Imagine you are on the mound. You toe the rubber and peer toward home plate to read the signs from your battery mate. As you wind up and begin your delivery, you find yourself blinded by a mesmerizing beam of blue light coming from the batter’s eyes. Less than a second after releasing the ball, you hear a crack. The sound is all too familiar. As you slowly begin to regain your focus, you glance over toward third base as the batter approaches the home stretch in a steady jog. The name on his back reads, “Bryant.”
The legend of the blue-eyed phenom is only beginning.
Kris Bryant is not your average baseball player. He’s a first-round draft pick (second overall), former number-one prospect in all of baseball as ranked by Baseball America, winner of multiple awards throughout his minor league career, and, despite having just turned 24 years old, is one of the most feared hitters in the game of baseball.
Oh, and he won the 2015 National League Rookie of the Year Award.
After spending the first couple weeks of the 2015 season in Triple-A as the Chicago Cubs pulled a slick move in order to keep him under team control for an extra year, Bryant burst on the scene and continued what he started in Spring Training, where he posted a .425 average and mashed nine home runs over 40 at-bats. He didn’t hit his first major league home run until May 9, his 21st career game, but once they started, they never stopped.
Bryant finished his impressive rookie year with 26 home runs and a .275/.369/.488 slash line en route to ROY honors. There are, however, a couple caveats. Bryant led the National League with 199 strikeouts and posted an abnormally high BABIP of .378.
Many are left wondering if a sophomore slump is imminent for Bryant. A high BABIP is typically a sign of good luck, though some might argue that a skilled player has a great deal of control over where they hit the ball. There is also a correlation between exit velocity and BABIP. Basically, if a player consistently hits the ball harder, more balls should find grass instead of the inside of a fielder’s glove.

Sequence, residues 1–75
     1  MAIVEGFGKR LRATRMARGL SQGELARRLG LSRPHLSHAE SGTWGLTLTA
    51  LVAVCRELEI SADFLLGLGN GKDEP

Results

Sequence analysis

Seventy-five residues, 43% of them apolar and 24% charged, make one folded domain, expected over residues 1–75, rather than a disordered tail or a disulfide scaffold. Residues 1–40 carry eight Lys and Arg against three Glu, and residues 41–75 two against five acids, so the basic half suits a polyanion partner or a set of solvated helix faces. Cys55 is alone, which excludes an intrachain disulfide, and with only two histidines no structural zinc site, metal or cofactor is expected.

Last year’s top ten in BABIP includes some recognizable names – Miguel Cabrera, Paul Goldschmidt, Joey Votto, and Bryce Harper, to name a few of them. These are talented ballplayers who get on base a lot thanks to solid, hard contact.
As more data is becoming available to us, we are overflowing with ways to dissect hitters, break down their tendencies, and predict what to expect from them in the future. A batter’s exit velocity measures how fast the ball comes off the bat when contact is made.
Anything above 90 MPH is considered a pretty solid average exit velocity. There are some recognizable names in that group – Miguel Cabrera, Paul Goldschmidt, Joey Votto, Bryce … wait, didn’t I already write this line?
Kris Bryant’s average exit velocity in 2015 was 89.33 MPH.
A solid argument opposing the idea of a sophomore slump would be that as Bryant gets stronger, his exit velocity will increase, and therefore the likelihood of balls in play finding holes would increase.
The strikeouts, however, are a different story. Bryant had streaks last year of seven (twice), eight (twice), nine, and 12 consecutive games with at least one strikeout. An argument could be made that Bryant will likely become more disciplined as he becomes more experienced with major-league pitching. This will hopefully decrease his strikeout numbers and allow him to put even more balls in play. Bryant did draw 77 walks last season. Over 46% of Bryant’s plate appearances last season resulted in one of the three true outcomes — home run, walk, or strikeout.
Kris Bryant is a rare talent and has the potential to put up some very impressive numbers if he can improve his plate discipline and, of course, stay healthy. Call me crazy, but I do believe his high BABIP is sustainable, to an extent. For reference, the record for highest career BABIP in baseball history is .383, held by Hall of Famer Ty Cobb. The active record is held by Votto, who has a career .362 BABIP.
Bryant will continue to improve as he gets older, hopefully making more consistent contact. His BABIP will likely recede slightly from its lofty levels, but should still be well above the league average of .300. Given another full season or two, Bryant may be able to curtail his strikeouts and approach the .300-plus batting average posted in the minor leagues. While his defense is not quite on the same level as the likes of Josh Donaldson, Nolan Arenado, or Manny Machado, but Bryant has a chance to solidify himself as one of the best third basemen in the game for years to come.